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Skiles Test's glass coffin and the play bringing it to life

No Exit's The House of Blue Lights showcases Indy's Gatsby


All images are from a rehearsal for The House of Blue Lights - ED STEWART.
  • Ed Stewart.
  • All images are from a rehearsal for The House of Blue Lights

In the 1900s, rumors swirled around a mysterious Great Gatsby-esque millionaire named Skiles Test, who lived in a house adorned with blue lights on Indy's northeast side. Although known as a kind man, Test was most often tied to creepy folklore surrounding his love for animals and an alleged woman in a glass coffin that could be found on his estate.

Now, Indianapolis' No Exit has devised a production based on Test's life that they're calling The House of Blue Lights. With several performance times lined up for the upcoming two weekends, the show marks No Exit's first fully staged production since the company named Lukas Schooler as its new executive director in October 2015.

Fittingly, the production will be performed in an eerie building (Carpentry Hall, 164 Steeples Blvd.) on the campus of the historic Central State mental hospital. The venue couldn't be more perfect for the production, according to Schooler.

"The space really has an unsettling vibe that fits the show," Schooler says. "There is a mysteriousness to it. We don't really delve into a whole lot of mental health issues, but I think through the storytelling there is a perceived notion that there could be..."

The initial idea behind this show dates back to a Big Car event that Schooler attended in 2010 called Test Fest, which was held at the Skiles Test Nature Park.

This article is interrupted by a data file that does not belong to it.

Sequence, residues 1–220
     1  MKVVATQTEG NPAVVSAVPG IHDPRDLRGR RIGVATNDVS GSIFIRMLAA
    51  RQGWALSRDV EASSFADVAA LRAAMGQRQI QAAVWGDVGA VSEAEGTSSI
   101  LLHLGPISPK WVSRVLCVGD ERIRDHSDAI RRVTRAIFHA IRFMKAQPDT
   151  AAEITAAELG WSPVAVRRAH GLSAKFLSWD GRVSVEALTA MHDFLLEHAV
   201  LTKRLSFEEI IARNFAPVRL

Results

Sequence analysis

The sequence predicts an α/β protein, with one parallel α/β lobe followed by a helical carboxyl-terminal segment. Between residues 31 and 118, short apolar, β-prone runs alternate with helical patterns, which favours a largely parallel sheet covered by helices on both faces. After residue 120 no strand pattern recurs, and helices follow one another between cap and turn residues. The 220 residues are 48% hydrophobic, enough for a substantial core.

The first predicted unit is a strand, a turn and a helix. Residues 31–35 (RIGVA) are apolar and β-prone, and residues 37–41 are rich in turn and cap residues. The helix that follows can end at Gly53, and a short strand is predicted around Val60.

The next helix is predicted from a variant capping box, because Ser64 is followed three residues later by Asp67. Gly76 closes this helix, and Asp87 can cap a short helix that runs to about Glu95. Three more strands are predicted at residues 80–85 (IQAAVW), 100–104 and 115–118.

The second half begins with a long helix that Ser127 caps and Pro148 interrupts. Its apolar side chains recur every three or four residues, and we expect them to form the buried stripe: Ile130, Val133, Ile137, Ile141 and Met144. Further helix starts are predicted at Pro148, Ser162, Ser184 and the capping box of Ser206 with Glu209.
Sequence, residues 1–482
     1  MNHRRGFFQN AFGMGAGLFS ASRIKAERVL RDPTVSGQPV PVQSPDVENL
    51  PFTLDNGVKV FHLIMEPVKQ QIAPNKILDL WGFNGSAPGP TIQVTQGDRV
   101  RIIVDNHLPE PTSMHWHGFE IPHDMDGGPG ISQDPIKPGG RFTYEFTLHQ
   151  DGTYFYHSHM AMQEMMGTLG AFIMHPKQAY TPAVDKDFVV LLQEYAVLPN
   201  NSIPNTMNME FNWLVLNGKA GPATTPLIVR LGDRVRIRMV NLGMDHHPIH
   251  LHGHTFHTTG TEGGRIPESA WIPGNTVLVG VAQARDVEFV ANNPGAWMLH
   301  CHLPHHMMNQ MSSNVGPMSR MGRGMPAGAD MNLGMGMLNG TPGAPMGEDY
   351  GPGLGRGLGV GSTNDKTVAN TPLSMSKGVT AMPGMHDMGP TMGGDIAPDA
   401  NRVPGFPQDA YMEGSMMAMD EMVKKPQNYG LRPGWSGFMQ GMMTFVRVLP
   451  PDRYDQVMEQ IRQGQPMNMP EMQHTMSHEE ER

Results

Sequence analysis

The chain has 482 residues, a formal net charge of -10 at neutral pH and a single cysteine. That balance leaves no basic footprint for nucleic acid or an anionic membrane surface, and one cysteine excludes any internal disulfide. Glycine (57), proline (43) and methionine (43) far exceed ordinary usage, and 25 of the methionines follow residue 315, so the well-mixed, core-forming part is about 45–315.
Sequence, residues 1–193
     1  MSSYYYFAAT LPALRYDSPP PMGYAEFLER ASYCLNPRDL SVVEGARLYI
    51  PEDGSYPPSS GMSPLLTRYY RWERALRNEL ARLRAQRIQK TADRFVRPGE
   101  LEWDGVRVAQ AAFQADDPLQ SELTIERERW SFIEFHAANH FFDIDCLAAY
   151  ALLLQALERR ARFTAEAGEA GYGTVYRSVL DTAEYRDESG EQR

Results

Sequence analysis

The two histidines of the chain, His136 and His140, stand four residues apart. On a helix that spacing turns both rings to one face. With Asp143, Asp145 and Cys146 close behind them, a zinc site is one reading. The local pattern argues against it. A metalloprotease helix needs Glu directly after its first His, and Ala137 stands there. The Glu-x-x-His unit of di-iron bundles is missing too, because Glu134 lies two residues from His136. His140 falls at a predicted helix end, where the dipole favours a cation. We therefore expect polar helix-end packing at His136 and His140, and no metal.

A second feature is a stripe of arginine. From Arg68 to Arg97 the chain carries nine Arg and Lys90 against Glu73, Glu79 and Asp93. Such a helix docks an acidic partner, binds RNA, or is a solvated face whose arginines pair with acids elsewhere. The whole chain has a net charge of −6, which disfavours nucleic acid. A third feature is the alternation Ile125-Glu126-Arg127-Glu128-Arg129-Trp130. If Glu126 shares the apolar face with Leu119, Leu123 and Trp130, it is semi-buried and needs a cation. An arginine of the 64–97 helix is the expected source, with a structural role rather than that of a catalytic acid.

"I'm not from here, so I had never heard of him before," Schooler says. "I found out about this incredibly intriguing story about a man who appeared to be very sympathetic, but the community around him formed this myth about the House of Blue Lights. I realized that this had a long-lasting effect, not only on Indianapolis but on pop culture in general." After having this idea planted in his brain, Schooler pocketed it, eventually proposing Test's story as the basis for No Exit's latest show.

  • Ed Stewart.

"Everyone just brought a list of ideas to the table," says No Exit company member and The House of Blue Lights director Ryan Mullins. "We listed everything we could imagine locally, nationally, imaginary, real. From there, we went through and singled out a few things that were good candidates. We did a couple rounds of voting, and Skiles Test and the legend of the House of Blue Lights came out on top."

After deciding on this idea, the members of No Exit began doing extensive research on Test. From here, all sorts of ideas for the show began to surface, which the company then presented to local playwright Bennett Ayres.

"Bennett was able to take all of our ideas, condense them, and throw some ideas to the wayside that just weren't going to fit, and he added his own spin on it as well," Schooler says. "The spin that he added was something that none of us considered, and we're really happy with it."

No Exit called upon the talents of several other local artists for this production, enlisting costume designers, sound designers, videographers and more to help them with this rather large undertaking. As a result, The House of Blue Lights is No Exit's biggest show to date. In fact, there's three generations of performers in the ensemble, with the youngest being 15 and the oldest being 50. 

Schooler says: "We have a lot of performers. We have a lot of designers. Our lighting, set and tech budget is through the roof for this, so that's definitely been a challenge. But, the buzz about the show has been so great that we've been able to receive some sponsorships to help us too."

In looking ahead, No Exit plans on doing less shows a year, instead having a few that are larger in scale like this one. Ultimately, Schooler hopes that The House of Blue Lights serves as a good example of what's to come with the production company.


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